But that is just my imagination. Apparently, in 1992, the National Audit Office prepared a report on this deal, which was suppressed.
Noseweek says in this article, which you must buy to read, I’m afraid, that:


For 14 years, the UK government has suppressed a report by the National Audit Office into the Al Yamamah deals. Earlier this summer the auditor general refused even to hand it over to the Serious Fraud Office.


And adds:

Letters from the permanent secretary at Britain’s Ministry of Defence, Sir Kevin Tebbit, show that he prevented the ministry’s fraud squad from investigating the allegations against BAe; that he failed to tell his minister about the investigation by the Serious Fraud Office; and that he tipped off the chairman of BAe about the contents of a confidential letter the fraud office had sent him. When the US government told him that BAe had allegedly engaged in corrupt practice in the Czech Republic, Sir Kevin failed to inform the police.


Then in 2004, the Guardian reported allegations that BAE had won the deal using a slush fund. It then provided the results of its investigations to the SFO. Now, the Serious Fraud Office is supposed to investigate cased of fraud, and, one presumes, act as a deterrent to further fraud. The SFO investigated it until 14 December this year, when it announced that it was giving up the investigation because: It has been necessary to balance the need to maintain the rule of law against the wider public interest.


That sounds like a damned lame excuse, but it is elaborated upon elsewhere.


The Observer says:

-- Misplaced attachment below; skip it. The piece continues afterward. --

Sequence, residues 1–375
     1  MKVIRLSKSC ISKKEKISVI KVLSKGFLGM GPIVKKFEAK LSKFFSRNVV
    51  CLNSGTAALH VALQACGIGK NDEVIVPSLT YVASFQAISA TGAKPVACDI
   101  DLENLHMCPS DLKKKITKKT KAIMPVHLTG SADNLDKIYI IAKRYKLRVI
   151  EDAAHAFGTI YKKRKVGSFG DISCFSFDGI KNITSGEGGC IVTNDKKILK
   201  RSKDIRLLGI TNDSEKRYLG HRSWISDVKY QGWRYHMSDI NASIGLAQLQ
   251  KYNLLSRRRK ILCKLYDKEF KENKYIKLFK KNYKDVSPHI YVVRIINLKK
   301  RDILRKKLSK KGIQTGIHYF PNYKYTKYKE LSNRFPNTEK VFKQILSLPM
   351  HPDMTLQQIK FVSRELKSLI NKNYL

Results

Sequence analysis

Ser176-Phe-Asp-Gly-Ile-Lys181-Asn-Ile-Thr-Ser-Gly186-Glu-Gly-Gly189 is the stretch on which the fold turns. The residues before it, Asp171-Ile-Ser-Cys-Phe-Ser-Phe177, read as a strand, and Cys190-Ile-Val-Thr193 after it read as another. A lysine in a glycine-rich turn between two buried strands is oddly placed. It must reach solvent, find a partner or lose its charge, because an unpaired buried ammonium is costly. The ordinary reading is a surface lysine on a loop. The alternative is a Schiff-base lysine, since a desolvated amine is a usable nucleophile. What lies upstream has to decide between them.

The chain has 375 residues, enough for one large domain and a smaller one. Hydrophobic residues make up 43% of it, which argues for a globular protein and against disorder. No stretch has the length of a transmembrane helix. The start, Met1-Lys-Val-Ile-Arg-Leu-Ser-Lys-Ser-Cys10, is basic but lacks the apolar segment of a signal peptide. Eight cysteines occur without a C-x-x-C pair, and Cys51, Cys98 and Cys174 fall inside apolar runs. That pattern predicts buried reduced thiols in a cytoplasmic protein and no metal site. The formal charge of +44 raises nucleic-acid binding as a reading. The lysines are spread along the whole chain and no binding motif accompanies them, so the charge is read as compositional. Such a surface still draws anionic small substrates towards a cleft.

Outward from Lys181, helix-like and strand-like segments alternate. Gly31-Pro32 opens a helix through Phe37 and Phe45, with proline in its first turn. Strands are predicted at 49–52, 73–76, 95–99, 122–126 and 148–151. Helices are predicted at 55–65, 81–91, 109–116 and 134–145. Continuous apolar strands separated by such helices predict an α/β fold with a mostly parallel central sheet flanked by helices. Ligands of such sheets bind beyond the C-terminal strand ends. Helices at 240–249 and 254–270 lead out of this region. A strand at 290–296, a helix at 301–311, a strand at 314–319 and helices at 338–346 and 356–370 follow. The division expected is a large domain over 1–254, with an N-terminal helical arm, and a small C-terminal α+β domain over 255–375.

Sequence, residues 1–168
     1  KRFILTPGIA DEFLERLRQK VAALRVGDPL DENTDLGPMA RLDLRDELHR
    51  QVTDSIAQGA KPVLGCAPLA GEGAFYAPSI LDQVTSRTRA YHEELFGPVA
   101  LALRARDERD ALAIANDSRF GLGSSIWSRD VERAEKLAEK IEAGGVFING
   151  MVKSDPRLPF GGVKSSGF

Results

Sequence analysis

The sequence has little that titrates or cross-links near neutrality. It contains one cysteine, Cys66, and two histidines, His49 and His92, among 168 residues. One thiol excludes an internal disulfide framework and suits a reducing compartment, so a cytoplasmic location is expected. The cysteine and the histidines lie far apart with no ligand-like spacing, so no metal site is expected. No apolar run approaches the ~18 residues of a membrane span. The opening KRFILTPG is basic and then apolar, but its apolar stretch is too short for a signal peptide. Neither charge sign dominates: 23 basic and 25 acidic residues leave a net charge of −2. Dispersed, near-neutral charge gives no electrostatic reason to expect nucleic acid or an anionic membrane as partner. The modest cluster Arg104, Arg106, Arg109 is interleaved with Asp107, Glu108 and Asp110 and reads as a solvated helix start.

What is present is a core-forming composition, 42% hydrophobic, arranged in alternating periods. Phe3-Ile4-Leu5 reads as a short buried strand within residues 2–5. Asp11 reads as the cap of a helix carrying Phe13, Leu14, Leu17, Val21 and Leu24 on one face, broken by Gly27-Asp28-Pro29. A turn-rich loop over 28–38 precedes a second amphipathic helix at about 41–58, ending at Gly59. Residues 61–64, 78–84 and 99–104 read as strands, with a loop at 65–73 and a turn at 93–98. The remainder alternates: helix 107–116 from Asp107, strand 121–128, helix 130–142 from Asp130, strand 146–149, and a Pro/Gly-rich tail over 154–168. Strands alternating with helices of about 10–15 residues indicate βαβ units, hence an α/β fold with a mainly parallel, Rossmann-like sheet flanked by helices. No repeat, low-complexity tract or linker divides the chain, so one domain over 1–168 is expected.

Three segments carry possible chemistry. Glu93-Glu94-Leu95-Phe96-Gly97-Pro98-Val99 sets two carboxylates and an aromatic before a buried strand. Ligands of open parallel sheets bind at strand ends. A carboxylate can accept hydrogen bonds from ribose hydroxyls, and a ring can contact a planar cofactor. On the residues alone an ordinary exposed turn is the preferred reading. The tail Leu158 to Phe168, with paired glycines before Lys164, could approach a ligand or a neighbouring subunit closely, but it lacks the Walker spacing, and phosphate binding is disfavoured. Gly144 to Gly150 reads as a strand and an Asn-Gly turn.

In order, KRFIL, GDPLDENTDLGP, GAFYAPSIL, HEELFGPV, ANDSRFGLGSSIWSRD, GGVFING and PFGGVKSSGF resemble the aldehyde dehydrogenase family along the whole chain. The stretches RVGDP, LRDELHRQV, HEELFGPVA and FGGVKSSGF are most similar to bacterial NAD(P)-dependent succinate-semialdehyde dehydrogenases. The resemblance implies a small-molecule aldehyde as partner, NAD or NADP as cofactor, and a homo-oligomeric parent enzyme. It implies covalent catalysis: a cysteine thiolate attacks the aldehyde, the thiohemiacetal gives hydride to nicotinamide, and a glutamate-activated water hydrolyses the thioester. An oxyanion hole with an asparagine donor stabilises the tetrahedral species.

Saudi Arabia threatened to stop sharing vital intelligence - particularly intercepted communications between al-Qaeda members active there - unless Britain suspended its investigation into a controversial arms deal, The Observer can reveal.


Senior Whitehall sources said the Saudis warned they would also kick out British military and intelligence personnel based in the country.

'They were threatening everything: intelligence, everything. The
US and the UK have got their bases in Saudi, that is their "in" to the Middle East,' said one source. 'Essentially, the line was that British lives could be lost if this relationship broke down. It would have been them freezing everybody out and speaking to nobody about anything

But I thought the so-called Civilised World did not give in to blackmail of that sort? Why are they not waxing indignant, jowls trembling, about how they will not give in to blackmail and betray the Christian ethic of the free world?


So what was the trick used to get the money to the Saudi princes? One approach was to inflate the price of the merchandise in the books, and to have corrupt Saudi princes sort of snip off the extra before the money was moved to public coffers. BAE also had this neat little slush fund, by which means they paid for extravagant gifts for the Saudi princes and their families, including, according to this BBC article, a Rolls Royce, expensive tableware and skiing holidays.


When one reads about the children of dictators and other unsavoury leaders spending oodles of money, reaping where they did not sow, and using the influence of their powerful parents to get rich, one does not usually think of the children of Western leaders.